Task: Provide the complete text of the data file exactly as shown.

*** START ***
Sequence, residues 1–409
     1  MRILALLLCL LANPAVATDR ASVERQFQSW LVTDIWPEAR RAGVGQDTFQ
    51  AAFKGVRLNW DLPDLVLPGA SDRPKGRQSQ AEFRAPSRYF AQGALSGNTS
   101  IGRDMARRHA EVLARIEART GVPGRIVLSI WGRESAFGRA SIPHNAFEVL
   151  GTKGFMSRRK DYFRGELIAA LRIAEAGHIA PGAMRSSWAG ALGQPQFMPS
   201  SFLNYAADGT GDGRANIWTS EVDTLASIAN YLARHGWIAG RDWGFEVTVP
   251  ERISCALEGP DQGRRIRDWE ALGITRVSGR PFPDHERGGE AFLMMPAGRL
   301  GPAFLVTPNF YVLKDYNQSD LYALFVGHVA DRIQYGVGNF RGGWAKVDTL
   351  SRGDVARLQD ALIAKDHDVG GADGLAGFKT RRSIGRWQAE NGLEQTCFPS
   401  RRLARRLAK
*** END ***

Sequence, residues 1–409
     1  MRILALLLCL LANPAVATDR ASVERQFQSW LVTDIWPEAR RAGVGQDTFQ
    51  AAFKGVRLNW DLPDLVLPGA SDRPKGRQSQ AEFRAPSRYF AQGALSGNTS
   101  IGRDMARRHA EVLARIEART GVPGRIVLSI WGRESAFGRA SIPHNAFEVL
   151  GTKGFMSRRK DYFRGELIAA LRIAEAGHIA PGAMRSSWAG ALGQPQFMPS
   201  SFLNYAADGT GDGRANIWTS EVDTLASIAN YLARHGWIAG RDWGFEVTVP
   251  ERISCALEGP DQGRRIRDWE ALGITRVSGR PFPDHERGGE AFLMMPAGRL
   301  GPAFLVTPNF YVLKDYNQSD LYALFVGHVA DRIQYGVGNF RGGWAKVDTL
   351  SRGDVARLQD ALIAKDHDVG GADGLAGFKT RRSIGRWQAE NGLEQTCFPS
   401  RRLARRLAK